How things have changed! Last year, Forrester surveyed more than 5,000 information workers in the United States, Canada, the United Kingdom, France, and Germany. Among the findings:
- 25 percent of those workers are using a smartphone for work, and roughly 10 percent of them are choosing and paying for it themselves
- Millions of workers use laptops at work, but only 5 percent of them provision it themselves; however, 21 percent said they would prefer to a single laptop for both work and personal use.
- 5 percent of those surveyed are using a tablet such as the iPad at work
The data for the Forrester report was gathered a year ago, which means it's likely that the use of consumer devices, particularly tablets, has increased in the workplace. Indeed, a survey of information workers by IDC found that the use of employee-owned devices is soaring. In 2010, roughly 30 percent of those surveyed used their own PC or smartphone at work; by 2011, that number had increased to about 40 percent.
While laptops are far and away the device employees rely on the most -- 49 percent -- tablets are gaining ground. In just two years, they've become the most critical tool for 9 percent of those surveyed, compared to the 6 percent who said their smartphone is most important, according to the IDC survey, which was sponsored by Unisys.
Employees are good at do-it-yourself tech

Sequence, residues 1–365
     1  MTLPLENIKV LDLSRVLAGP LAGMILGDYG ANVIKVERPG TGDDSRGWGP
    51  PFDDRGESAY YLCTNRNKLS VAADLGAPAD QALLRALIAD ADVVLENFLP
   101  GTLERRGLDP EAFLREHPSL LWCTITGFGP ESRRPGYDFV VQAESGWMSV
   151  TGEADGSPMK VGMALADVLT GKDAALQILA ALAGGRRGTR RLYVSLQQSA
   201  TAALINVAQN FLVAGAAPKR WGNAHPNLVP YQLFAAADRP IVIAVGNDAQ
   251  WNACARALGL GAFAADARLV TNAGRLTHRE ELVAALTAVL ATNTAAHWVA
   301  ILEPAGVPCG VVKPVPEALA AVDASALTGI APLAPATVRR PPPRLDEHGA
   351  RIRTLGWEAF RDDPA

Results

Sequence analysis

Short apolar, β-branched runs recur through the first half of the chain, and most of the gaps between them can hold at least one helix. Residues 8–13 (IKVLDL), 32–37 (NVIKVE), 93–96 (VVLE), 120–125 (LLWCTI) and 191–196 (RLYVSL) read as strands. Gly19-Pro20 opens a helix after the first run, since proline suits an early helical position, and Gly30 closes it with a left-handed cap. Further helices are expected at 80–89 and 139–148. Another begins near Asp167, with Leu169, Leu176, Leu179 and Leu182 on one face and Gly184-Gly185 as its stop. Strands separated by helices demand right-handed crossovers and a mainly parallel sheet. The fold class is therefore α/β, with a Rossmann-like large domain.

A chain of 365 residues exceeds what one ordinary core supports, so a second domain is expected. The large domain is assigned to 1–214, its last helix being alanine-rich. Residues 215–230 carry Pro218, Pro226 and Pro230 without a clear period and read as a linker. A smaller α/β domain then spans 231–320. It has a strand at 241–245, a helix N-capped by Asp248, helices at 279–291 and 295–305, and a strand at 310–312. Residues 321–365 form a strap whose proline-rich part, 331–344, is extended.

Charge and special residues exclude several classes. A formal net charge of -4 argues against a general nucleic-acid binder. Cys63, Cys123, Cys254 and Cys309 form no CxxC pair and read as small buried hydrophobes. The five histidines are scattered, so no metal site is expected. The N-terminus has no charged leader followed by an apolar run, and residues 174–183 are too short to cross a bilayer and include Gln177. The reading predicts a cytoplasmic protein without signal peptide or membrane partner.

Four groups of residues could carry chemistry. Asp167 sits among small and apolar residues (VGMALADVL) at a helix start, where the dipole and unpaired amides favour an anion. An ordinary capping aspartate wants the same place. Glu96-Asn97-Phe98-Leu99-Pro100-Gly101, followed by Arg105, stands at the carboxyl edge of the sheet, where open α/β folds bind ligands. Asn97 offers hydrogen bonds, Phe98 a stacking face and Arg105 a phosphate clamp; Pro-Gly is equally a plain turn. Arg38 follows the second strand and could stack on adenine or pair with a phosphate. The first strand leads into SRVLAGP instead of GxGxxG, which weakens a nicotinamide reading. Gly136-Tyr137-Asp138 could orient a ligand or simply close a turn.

The good news is that employees are finding innovative ways to use those tools to make themselves and their employers more competitive. And they're doing it with or without the blessing of IT. That's only possible because the new breed of consumer technology is so simple that employees don't need much, or even any, help. Forrester found that 37 percent of the employees they surveyed are using do-it-yourself technologies without IT's permission. (Again, those numbers may well be higher now.)
As Schadler wrote in the Harvard Business Review: "LinkedIn, Google Docs, Smartsheet.com, Facebook, iPads, YouTube, Dropbox, Flipboard -- the list is long and growing. Many of these scenarios are do-it-yourself projects. For example, want to ask me business questions on Facebook? Piece of cake; I'll just friend you. Personal iPhones for email, apps, and Internet access outside my clients' door? Check. Google Sites and Docs to exchange documents with partners? Sure, I can spin up a free site or IT can spend the $50 per user per year and make it secure. YouTube to post fix-it-yourself videos for tough service problems? My kid's good with a Flip camera. She can film me doing the fix myself." (Those are all real examples, he adds.)
Letting employees do it themselves not only benefits the various lines of business, it also benefits IT, says PwC's Garland. "In effect, extending IT decision making to users expands IT's reach and capabilities without requiring more IT staff -- a real benefit given how much IT has needed to cut during the recent recession."
A PwC white paper published late last year on consumerization said, "CIOs of companies that have allowed Macintosh computers, for example, into their workplaces tell PwC that they typically find those users support themselves and each other. The same is true of iOS and Android mobile users, users of software as a service [SaaS] and other cloud services, and social networking users."